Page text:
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Old School social housing plans put on hold for site visit

The Old School Site In Llwydcoed (Pic: Google Maps)

PLANS for social housing on The Old School site in Llwydcoed have been put on hold for a site visit.

The application is for the demolition of existing buildings and proposed development of four houses and four flats for the site in Merthyr Road but Rhondda Cynon Taf Council’s planning committee on Thursday, March 21 decided to have a site visit.

Councillor Sharon Rees, the chair of the committee, called for the site visit because of concerns over increased traffic, a junction and the sustainability of the location and committee agreed to the site visit.

CJC Estates Ltd and Trivallis have put the plans forward which also include details of landscaping, bat roost mitigation, bin stores, bike stores, and other associated works.

The planning report  said plots one to six would be arranged in a terrace of four properties which would front onto Merthyr Road while plots seven and eight would form a semi-detached pair fronting onto Corner House Street.

All eight properties would benefit from off-street car parking provision to the side or front and private or shared amenity space to the rear and each unit would also benefit have an air source heat pump and solar panels.

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The site is currently occupied by a former primary school building with two other detached outbuildings.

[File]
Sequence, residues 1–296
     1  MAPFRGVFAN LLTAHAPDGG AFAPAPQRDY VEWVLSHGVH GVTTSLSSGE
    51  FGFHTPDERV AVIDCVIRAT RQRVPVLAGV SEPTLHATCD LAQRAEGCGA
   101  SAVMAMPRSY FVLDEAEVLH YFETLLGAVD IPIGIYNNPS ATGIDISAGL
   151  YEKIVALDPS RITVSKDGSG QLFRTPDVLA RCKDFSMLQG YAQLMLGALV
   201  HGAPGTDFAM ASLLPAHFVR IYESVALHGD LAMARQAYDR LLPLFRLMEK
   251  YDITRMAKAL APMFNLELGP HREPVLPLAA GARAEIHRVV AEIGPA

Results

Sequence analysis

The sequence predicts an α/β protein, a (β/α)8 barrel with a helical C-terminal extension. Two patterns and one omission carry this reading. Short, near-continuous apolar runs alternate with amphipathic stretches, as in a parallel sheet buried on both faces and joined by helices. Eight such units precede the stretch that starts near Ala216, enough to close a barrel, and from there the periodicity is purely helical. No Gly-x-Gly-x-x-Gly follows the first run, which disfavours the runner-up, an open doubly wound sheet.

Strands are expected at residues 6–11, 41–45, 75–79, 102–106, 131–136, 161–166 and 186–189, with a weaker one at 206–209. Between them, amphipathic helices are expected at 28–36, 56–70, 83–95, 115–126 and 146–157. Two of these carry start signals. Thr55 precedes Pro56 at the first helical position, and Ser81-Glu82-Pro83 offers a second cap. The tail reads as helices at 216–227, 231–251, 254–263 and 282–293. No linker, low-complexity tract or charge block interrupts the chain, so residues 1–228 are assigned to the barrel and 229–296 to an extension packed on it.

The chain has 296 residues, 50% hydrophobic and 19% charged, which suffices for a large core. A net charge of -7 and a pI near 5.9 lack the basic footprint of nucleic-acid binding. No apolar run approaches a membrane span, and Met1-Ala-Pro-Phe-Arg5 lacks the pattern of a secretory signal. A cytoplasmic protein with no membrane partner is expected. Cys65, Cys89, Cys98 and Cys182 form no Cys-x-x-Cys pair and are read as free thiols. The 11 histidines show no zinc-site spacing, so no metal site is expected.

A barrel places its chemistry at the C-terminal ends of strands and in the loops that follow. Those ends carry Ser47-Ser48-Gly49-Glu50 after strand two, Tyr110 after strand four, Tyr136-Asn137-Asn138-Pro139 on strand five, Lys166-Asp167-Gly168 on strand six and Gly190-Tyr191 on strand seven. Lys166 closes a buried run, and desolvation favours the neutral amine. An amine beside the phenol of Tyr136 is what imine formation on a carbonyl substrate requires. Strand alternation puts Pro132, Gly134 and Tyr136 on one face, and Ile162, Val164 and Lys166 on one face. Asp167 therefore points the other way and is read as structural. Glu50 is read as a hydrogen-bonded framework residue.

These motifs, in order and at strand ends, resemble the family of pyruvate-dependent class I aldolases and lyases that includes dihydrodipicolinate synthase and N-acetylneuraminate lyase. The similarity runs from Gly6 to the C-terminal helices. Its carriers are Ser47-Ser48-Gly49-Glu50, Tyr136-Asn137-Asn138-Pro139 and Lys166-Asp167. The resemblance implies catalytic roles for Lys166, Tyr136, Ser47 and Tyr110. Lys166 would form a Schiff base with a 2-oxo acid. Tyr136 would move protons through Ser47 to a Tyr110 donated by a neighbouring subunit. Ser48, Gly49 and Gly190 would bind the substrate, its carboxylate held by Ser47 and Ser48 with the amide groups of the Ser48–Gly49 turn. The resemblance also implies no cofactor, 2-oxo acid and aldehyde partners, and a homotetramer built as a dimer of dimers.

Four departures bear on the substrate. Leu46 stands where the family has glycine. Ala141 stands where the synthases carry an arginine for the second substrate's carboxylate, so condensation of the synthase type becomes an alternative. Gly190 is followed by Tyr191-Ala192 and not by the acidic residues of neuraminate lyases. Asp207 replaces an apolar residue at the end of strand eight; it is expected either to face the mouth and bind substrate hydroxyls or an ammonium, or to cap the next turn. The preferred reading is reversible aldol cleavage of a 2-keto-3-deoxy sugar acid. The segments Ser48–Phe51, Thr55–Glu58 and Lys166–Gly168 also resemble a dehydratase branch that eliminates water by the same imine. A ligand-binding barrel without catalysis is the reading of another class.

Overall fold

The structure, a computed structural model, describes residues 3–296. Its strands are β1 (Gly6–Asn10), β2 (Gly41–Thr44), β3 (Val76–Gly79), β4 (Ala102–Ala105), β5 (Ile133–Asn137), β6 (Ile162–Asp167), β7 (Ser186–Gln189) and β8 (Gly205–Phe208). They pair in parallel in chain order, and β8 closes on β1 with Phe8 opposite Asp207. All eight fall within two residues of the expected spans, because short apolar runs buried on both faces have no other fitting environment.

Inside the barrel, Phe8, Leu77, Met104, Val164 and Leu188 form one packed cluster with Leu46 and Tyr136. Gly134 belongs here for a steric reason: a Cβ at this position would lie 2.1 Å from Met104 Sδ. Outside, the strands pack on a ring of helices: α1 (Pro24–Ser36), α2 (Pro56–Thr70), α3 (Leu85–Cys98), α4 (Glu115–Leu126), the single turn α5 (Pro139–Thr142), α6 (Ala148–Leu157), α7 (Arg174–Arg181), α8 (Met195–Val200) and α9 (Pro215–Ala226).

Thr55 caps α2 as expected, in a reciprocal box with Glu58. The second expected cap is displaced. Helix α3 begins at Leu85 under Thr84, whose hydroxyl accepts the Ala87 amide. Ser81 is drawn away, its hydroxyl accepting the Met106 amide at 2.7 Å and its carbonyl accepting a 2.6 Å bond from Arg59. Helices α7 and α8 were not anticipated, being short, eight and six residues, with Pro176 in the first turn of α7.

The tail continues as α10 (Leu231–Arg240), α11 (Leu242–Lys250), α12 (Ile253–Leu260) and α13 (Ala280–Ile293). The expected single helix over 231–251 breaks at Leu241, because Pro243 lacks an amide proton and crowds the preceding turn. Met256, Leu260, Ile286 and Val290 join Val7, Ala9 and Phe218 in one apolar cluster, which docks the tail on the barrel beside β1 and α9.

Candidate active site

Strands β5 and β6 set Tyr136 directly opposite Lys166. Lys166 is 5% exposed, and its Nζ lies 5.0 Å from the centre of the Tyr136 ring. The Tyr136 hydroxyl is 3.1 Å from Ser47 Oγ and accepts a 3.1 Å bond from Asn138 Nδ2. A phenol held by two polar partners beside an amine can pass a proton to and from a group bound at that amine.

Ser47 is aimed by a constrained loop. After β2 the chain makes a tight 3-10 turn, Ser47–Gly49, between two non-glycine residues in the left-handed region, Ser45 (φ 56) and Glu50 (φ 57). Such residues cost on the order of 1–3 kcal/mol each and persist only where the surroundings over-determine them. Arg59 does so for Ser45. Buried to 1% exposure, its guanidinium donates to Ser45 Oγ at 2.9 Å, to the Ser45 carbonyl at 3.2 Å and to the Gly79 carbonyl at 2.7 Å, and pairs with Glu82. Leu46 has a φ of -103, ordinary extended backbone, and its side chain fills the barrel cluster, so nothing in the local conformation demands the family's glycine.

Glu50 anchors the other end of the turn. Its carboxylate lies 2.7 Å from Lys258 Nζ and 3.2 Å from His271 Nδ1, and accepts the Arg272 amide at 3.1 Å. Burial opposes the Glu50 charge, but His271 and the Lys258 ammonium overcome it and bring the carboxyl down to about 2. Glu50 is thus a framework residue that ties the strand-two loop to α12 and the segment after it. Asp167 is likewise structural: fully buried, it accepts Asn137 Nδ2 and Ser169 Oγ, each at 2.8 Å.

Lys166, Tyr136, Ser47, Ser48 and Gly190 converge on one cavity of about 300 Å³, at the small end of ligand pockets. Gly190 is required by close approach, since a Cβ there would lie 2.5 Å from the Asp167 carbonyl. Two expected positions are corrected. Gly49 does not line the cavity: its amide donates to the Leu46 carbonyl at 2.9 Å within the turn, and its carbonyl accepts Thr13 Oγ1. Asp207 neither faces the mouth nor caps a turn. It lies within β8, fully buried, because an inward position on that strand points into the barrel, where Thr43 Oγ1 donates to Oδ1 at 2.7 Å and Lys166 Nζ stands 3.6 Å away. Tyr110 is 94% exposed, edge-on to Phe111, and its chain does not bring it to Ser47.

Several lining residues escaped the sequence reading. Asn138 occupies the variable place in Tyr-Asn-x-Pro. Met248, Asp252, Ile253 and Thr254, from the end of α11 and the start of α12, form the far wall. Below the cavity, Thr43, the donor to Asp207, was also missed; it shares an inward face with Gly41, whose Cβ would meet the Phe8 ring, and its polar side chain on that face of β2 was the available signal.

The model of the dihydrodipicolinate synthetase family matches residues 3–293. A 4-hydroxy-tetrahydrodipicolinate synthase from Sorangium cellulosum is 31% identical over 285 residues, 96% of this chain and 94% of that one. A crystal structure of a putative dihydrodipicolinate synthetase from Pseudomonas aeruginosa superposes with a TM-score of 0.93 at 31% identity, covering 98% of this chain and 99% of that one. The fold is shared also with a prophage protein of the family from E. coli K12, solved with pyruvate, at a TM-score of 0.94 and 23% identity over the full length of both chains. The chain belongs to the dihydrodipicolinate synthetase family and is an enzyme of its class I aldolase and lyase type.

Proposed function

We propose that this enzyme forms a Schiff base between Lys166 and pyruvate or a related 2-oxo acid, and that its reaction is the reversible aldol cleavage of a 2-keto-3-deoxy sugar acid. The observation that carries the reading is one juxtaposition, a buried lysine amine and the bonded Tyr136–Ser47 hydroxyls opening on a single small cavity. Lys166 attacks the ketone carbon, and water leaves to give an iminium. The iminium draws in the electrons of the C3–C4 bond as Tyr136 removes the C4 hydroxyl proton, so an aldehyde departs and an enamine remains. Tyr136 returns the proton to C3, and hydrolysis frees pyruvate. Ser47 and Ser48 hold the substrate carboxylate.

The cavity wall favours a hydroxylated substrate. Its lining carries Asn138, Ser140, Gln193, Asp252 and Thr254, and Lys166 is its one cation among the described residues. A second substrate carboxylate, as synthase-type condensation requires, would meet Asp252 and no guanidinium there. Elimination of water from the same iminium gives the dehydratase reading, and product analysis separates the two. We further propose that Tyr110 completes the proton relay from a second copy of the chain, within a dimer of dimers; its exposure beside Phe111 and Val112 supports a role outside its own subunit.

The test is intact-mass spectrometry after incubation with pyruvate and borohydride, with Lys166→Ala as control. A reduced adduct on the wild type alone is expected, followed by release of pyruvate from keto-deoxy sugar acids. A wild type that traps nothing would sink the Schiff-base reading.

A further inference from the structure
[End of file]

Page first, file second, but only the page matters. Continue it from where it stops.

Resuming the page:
The planning report said it was understood that the building was most recently occupied by a commercial business known as Tectonic International Ltd but the building is currently empty.

There were 21 letters of objection sent to the council from 18 people which raised concerns over access and parking, character and appearance, amenity and privacy, sustainability, ecology and tenure.

In terms of access and parking they said parking is already an issue in the area adding that there is not enough parking available for residents at the moment.

They said that traffic is already an issue and the proposal would make things worse over time and accidents are more likely to happen with parents attending the nearby school.

They said the junction is very dangerous and has limited visibility and that high speed traffic along Merthyr Road is an issue and more cars would be costly for the environment and carbon footprint.

The objectors said that they need to be mindful of pedestrians while Merthyr Road is an incredibly busy through-route and it is becoming increasingly busy as a result of the A465 road works and that access to and from existing houses in Merthyr Road is already problematic and dangerous.

In terms of character and appearance they said the development is high-density and over-development of the site and the development is not in keeping with the current aesthetic or surrounding housing stock.

They added that the Old school is a historic building which should not be demolished as this will detract from the character of the building.